Update: Eau Claire County Board hears arguments in proposed large farm ban

Update (WQOW) – The Eau Claire County Board discussed banning the expansion or new development of large-scale livestock farms in the county at its meeting Tuesday, but farm business groups claim state law may prohibit the county from going forward with the ordinance.

Tuesday, the county board had the first reading on the ordinance that would put a one-year moratorium on new or expanding large-scale farms, with no discussion on what the board can legally do.

The board was encouraged by public testimony to really know the facts before making a decision. Both sides of the argument are getting public support.

Public testimony rang through the county board room as farmers and environmentalists pleaded their cases. Some referred to the the letter sent by Wisconsin Manufacturers and Commerce on the board’s legal authority to impose a ban.

“Elected officials have an obligation to follow the law and the law is pretty clear here that Eau Claire County doesn’t have the authority to place a moratorium on new or expanding dairy farms,” said Scott Manley, Senior Vice President of Government Relations for Wisconsin Manufacturers and Commerce.

Manley said the ability to restrict big farms became the state’s decision a number of years ago. He mentioned these large farms are already heavily regulated, and are required to have the technology to protect the environment. “The county board has produced no evidence whatsoever that the large dairy farms that could potentially be impacted by this are having an impact on the environment,” Manley said.

However, County Board Supervisor Joe Knight said recent groundwater studies show Eau Claire’s water already has issues. “1 in 20 wells exceeds health standards for nitrates, we have a green river, so we’ve got some issues already with some excessive phosphorous in the water,” Knight said.

That’s part of the reason why the board wants to halt expansion for 12 months, to further examine the environmental impact of these large-scale farms. “There’s concern when you have a thousand critters the size of steers together you have a lot of manure to deal with,” Knight told News 18.

It’s worth pointing out there is only one concentrated animal feeding organization, or CAFO, in Eau Claire County. Public testimony Tuesday suggested some smaller farmers are looking to expand.

The county board will revisit this moratorium again October 2. The question will become: if the board does pass the ordinance, will it be challenged in court?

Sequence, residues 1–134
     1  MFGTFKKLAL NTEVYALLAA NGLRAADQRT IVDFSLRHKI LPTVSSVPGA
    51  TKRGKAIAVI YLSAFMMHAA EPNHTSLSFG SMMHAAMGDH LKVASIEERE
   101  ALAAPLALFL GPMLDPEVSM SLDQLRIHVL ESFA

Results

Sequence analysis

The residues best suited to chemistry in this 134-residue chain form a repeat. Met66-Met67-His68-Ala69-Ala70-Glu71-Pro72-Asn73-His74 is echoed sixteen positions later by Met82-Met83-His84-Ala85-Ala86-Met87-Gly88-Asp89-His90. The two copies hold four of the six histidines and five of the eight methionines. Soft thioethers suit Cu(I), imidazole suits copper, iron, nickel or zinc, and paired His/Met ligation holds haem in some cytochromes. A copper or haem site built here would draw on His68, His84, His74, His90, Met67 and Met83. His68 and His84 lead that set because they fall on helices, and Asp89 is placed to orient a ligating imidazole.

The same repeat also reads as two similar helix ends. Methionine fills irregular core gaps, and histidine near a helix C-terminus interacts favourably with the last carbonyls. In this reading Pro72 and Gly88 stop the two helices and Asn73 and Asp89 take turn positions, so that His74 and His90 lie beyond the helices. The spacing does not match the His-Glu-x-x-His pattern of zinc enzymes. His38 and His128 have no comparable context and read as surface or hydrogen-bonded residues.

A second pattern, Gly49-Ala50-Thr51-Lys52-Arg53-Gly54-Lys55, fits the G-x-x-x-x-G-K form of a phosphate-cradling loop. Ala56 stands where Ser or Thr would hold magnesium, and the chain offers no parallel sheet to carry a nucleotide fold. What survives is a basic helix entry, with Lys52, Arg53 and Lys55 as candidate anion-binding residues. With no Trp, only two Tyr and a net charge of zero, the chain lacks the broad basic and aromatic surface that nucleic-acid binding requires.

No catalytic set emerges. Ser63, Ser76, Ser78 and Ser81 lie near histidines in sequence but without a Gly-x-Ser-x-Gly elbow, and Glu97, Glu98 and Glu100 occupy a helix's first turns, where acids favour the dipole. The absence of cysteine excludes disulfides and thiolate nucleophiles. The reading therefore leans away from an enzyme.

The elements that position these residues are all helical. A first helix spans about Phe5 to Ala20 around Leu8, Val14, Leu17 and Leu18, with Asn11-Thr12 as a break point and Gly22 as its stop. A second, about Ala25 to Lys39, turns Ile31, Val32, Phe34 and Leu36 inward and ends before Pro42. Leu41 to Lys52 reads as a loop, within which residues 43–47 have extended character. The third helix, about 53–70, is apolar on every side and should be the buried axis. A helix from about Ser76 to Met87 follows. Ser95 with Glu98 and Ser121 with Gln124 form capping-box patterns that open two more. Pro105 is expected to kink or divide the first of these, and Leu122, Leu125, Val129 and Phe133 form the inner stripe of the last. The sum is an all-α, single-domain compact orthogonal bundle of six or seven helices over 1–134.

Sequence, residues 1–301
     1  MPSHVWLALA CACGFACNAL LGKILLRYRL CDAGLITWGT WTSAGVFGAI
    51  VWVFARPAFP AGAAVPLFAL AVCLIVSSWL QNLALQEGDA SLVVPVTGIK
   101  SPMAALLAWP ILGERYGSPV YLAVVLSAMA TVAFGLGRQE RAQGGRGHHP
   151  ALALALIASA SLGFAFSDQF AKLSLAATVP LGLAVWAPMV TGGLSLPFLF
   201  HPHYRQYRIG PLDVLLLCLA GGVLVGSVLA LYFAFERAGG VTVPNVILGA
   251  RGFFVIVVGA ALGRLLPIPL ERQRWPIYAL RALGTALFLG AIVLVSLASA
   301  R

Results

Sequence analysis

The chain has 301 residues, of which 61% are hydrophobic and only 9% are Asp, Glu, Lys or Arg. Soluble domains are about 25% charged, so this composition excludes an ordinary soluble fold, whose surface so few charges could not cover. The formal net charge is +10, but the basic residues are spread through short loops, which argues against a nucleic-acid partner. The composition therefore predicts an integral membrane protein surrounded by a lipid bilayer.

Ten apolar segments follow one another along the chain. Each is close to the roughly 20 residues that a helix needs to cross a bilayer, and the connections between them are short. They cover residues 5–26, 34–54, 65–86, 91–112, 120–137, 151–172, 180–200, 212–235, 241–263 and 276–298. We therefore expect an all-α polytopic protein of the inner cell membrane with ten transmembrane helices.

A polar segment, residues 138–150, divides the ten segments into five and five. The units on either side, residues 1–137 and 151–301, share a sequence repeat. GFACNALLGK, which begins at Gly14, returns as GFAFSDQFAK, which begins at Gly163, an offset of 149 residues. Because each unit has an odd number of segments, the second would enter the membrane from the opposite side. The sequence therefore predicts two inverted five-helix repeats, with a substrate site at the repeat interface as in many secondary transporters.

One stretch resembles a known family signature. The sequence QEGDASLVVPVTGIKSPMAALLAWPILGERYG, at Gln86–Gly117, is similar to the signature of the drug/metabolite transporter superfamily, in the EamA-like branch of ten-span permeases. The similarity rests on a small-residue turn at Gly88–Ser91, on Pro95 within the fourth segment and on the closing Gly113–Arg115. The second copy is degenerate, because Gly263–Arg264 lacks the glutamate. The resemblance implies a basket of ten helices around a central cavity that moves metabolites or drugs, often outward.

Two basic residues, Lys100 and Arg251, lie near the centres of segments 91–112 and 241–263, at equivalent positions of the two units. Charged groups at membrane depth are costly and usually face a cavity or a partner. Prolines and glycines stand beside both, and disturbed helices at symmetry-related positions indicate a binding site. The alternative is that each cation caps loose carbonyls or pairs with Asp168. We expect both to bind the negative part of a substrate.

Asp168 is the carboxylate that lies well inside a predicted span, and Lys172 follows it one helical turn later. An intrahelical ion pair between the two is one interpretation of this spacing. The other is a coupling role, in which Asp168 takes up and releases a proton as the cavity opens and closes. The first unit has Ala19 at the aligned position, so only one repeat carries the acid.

Eau Claire County (WQOW) -The Eau Claire County Board will discuss banning any new large-scale livestock farms for at least a year.

We told you about this proposed moratorium earlier this summer, but now there could be a wrinkle in the plan after protests from farm business groups.

Tuesday night board members will have the first hearing on the matter, County Board Supervisor Joe Knight is in favor of the plan, which would ban all new Concentrated Animal Feeding Organizations, or CAFO, for one year.

A CAFO is a farm with 1,000 animal units.

Knight said although we only have one of these large operations in the county, a lot of smaller farms are going out of business and these large-scale facilities are worrisome for the environment.

He said passing a one-year moratorium would give them a chance to do some research and find out how these CAFO’s are impacting our water and air.

“From an environmental standpoint, there’s concern when you have 1,000 critters the size of steers together you have a lot of manure to deal with and we already have some issues in Eau Claire County,” Knight said.

Senior Vice President of Government Relations with the Wisconsin Manufacturers and Commerce Scott Manley said large farms don’t hurt the environment because they’re already the most heavily regulated farms in the state, required to have no discharge of pollution.

Manley said a big program with the plan is that it’s unlawful.

“Legislature made a policy decision a number of years ago that deciding new, or expanded, large-scale dairy farms is a matter of statewide concern and the legislature withdrew the authorities local government like Eau Claire County to make those decisions,” Manley said.

Knight told News 18 the board will be talking about the legality of the proposal at its meeting Tuesday night and it could even be voted on.

Manley said if it’s passed it could be challenged in court.

The meeting is at 7 p.m. at the Eau Claire County Courthouse in the county board meeting room.

Shannon Satterlee

Shannon Satterlee

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